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Yuan gains ground as global currency

2014-10-31 13:19:22Source:China DailyAuthor:

The yuan's share of global payments rose to a record in September as China bolstered efforts to promote international use of its currency.

The yuan accounted for 1.72 percent of payments, up from 1.64 percent the previous month, the Society for Worldwide International Financial Telecommunications reported on Thursday.

The value of transactions increased 13.2 percent and the currency ranked seventh in terms of usage, Swift said.

China started direct trading between the yuan and the Singapore dollar this week, after making the euro exchangeable for its currency in Shanghai last month.

Similar links exist for the US, Australian and New Zealand dollars, the British pound and Japan's yen, while South Korea plans to announce measures on Friday to support yuan-related financial services.

"We're seeing companies seize the opportunities presented by China's currency liberalization to deepen business relationships in the world's second-largest economy," said Vina Cheung, global head of renminbi internationalization, payments and cash management at HSBC Holdings Plc in Hong Kong.

"The growth in renminbi payments between offshore trading centers such as Singapore, UK and Germany is encouraging."

A third of China's trade will be settled in yuan by 2015, and the currency will become fully convertible by 2017, HSBC said in the statement, reiterating forecasts.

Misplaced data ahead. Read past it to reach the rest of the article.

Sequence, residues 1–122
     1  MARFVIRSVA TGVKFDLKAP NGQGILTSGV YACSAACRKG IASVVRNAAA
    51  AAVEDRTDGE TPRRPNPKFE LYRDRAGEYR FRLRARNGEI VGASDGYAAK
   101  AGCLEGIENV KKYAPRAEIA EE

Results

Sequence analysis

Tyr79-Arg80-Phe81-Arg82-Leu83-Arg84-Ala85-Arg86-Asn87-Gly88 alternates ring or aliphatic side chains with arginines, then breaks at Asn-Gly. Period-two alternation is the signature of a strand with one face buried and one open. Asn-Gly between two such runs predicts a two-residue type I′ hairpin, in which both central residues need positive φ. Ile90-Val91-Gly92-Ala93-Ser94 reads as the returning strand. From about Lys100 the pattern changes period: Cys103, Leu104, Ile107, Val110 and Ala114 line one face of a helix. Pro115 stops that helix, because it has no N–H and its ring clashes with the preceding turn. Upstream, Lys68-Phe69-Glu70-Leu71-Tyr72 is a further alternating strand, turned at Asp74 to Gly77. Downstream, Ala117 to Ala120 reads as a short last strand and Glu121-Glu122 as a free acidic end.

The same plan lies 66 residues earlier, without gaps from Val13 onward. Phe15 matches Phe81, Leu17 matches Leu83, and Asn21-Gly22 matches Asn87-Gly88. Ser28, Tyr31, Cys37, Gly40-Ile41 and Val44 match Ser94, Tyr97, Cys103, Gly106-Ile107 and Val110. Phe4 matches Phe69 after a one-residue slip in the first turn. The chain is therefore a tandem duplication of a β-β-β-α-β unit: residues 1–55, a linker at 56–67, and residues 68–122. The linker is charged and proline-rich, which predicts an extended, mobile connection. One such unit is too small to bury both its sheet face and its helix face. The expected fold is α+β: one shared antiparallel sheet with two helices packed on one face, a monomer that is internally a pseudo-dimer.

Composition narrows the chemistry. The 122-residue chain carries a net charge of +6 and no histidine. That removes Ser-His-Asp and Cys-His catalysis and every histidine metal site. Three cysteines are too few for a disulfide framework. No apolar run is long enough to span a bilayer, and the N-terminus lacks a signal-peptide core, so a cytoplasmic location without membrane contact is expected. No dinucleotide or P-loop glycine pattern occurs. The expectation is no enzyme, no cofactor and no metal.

The currency has strengthened 0.4 percent against the dollar this month, trimming its loss for the year to 1 percent, according to data compiled by Bloomberg. It has advanced 35 percent since a dollar peg ended in 2005.

China should take the opportunity to improve the market-oriented mechanism of the yuan when investors no longer expect moves to be one-sided, wrote Guan Tao, head of the balance of payments department at the State Administration of Foreign Exchange, in an article in the Shanghai Securities News on Thursday.

Yuan payments in Singapore surged 574 percent over the last nine months, the biggest jump among offshore yuan hubs excluding the Chinese mainland and Hong Kong, according to Swift.

Luxembourg and the UK boasted the second- and third-highest growth rates.

"Payments, foreign exchange and trade finance are the markers to watch for growth in renminbi internationalization," said Alex Medana, Hong Kong-based director of securities markets for Asia Pacific at Swift.

"The yuan is primarily used as a trade settlement currency, but it is worth noting that it is also making progress as an investment currency."